Why use poetry charts during a shared reading experience?
When you hear a group of young children reading poetry together, you can clearly see their delight in the rhythm, rhyme, and patterns. To these children, reading poetry together is a fun activity! The shared reading of poetry from an enlarged, illustrated chart makes it possible for children to "read" a much more complex text than they could independently. As they share the text with your support, they become immersed in the magic of words.
Shared reading of poetry helps children become aware of the phonological system of language, which is basic to providing a foundation for matching sounds with letters, letter clusters, and word parts. The more children play with language, respond to it, and notice it, the easier it will be to map all the concepts related to reading and writing. As children respond to the sound patterns, intriguing words, and inspiring ideas they find in poems, songs, and rhymes, they are learning invaluable lessons about the ways in which our language works – knowledge that will serve them well as they become readers and writers.
Here are 5 engaging ways to use poetry charts in your classroom:
1. Marching to rhymes – Marching around the room while chanting a poem will help children feel the rhythm.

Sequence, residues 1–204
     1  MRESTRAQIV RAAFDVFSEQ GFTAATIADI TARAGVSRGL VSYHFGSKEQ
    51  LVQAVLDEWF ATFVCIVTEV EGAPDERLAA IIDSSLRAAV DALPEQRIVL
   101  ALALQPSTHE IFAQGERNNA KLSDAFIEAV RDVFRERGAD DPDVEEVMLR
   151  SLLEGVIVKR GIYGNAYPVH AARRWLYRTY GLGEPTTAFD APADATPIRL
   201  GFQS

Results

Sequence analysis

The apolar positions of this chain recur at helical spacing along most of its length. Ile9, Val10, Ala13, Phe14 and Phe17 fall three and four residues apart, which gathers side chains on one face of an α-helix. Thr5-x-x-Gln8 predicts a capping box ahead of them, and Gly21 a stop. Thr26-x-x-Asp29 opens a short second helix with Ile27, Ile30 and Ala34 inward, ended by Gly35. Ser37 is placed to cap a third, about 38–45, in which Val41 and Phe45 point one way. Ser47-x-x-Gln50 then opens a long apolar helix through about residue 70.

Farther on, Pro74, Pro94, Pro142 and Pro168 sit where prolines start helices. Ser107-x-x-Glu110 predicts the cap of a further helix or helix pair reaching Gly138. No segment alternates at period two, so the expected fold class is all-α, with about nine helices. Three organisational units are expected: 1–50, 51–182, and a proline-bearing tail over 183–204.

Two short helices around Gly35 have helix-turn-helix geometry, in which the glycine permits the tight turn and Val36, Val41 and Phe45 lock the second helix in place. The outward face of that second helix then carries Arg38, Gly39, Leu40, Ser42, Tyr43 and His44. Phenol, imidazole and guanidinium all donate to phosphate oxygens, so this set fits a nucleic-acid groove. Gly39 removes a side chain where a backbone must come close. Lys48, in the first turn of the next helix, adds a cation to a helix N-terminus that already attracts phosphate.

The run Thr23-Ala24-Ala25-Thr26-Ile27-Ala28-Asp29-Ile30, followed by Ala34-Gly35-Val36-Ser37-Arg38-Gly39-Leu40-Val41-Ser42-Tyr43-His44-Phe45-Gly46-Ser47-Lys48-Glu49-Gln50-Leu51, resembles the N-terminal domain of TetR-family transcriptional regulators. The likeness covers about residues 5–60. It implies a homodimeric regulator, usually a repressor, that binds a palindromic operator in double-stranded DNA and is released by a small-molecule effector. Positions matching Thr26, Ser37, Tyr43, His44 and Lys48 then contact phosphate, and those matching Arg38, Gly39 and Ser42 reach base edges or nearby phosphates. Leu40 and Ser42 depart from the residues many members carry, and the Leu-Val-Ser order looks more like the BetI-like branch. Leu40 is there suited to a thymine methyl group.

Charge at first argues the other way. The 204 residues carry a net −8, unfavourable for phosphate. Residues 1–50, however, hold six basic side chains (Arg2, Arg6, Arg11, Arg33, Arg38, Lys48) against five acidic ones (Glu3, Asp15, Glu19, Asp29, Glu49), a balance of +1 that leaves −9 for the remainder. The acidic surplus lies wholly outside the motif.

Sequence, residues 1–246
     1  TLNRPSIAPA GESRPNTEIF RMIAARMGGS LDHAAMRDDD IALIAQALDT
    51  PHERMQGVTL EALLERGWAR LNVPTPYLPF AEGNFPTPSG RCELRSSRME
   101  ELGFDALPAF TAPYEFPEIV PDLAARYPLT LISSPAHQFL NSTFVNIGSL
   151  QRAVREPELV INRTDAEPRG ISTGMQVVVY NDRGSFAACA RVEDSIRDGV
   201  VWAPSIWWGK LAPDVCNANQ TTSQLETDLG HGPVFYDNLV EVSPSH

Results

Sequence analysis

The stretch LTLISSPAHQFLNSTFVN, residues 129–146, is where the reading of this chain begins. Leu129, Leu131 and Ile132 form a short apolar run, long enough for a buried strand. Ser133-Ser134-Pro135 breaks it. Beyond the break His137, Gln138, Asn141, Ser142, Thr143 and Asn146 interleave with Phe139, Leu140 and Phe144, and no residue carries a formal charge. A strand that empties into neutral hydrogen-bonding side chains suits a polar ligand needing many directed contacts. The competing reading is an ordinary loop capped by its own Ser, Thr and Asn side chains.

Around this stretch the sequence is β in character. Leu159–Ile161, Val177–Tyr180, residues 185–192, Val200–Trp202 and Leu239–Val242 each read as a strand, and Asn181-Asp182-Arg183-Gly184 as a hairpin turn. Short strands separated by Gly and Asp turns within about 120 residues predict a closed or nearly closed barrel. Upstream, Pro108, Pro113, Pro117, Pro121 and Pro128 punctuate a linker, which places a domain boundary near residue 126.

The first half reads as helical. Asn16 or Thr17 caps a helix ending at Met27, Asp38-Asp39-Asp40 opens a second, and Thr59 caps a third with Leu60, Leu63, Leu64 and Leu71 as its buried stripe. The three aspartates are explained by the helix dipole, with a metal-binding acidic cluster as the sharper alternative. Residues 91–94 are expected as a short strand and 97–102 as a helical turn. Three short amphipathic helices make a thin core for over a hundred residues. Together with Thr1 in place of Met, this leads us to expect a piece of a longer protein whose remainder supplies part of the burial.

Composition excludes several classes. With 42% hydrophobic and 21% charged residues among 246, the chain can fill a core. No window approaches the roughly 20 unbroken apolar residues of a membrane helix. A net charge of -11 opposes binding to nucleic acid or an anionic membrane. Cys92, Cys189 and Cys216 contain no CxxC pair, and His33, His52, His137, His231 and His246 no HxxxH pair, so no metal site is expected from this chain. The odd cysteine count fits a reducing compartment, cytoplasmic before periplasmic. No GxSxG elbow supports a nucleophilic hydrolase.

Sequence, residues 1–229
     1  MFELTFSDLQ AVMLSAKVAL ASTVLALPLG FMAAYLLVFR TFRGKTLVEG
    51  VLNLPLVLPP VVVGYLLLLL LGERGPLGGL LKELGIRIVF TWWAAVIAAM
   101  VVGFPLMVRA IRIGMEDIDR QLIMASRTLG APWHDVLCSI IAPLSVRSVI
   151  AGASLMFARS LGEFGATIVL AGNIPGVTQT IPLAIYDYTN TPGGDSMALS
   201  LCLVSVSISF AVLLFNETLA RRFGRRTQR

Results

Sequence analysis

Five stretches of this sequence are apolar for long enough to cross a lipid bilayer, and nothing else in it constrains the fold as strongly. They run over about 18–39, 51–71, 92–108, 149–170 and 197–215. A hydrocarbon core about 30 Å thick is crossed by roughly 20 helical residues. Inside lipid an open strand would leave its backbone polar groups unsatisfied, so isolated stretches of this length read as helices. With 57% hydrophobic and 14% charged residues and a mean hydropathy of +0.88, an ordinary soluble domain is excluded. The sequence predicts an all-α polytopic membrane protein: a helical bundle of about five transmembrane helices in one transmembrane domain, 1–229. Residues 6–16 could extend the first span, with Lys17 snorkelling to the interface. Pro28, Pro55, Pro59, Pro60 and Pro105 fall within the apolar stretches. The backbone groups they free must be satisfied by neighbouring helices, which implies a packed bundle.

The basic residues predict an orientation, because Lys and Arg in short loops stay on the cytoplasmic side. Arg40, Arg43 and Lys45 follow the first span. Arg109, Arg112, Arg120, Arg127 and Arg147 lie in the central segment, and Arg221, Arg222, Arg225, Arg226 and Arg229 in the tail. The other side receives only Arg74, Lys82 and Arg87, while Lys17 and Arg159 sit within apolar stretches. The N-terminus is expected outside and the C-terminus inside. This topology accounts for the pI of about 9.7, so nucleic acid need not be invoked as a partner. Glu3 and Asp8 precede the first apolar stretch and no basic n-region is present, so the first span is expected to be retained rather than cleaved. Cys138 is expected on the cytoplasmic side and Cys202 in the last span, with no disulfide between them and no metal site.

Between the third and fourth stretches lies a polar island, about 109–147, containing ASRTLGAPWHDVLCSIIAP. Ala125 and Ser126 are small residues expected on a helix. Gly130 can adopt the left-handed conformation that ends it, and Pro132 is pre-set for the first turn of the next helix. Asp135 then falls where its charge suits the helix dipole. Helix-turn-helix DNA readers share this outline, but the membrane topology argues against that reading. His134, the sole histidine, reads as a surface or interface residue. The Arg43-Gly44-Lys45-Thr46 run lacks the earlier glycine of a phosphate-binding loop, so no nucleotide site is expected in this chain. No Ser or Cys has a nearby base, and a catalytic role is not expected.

2. Puppet show – Have children make stick, finger, or sock puppets of their favorite poetry characters and act out the poem as their friends read it. Alternatively, have the puppet say the poem.
3. Listening for rhymes – Have children clap or snap their fingers when they come to a rhyming word. They can also say the rhyming word softer, louder, or mouth the word without making a sound.
4. Mystery words – In shared reading of a familiar poem, leave out key words but show the first letter so that children can check their reading. You can also use sticky notes and then uncover the word to check it.
5. Personal poetry books – Have children make their own personal poetry books by gluing the poems they experienced in shared reading into spiral notebooks and then illustrating them. Over time they will have a large personal collection of poems to take home.
Find other ways to engage children while exploring poetry with Words That Sing: Poetry Charts for Shared Reading, an illustrated collection containing a rich resource of poems, songs, and rhymes. It will fill children with language, ideas, and imagery that will help them use and enjoy the oral and written word. The charts, available for grades PreK-2, can be used to as a stand-alone resource or alongside the Fountas & Pinnell Classroom™ Shared Reading Collection and Fountas & Pinnell Phonics, Spelling, and Word Study System.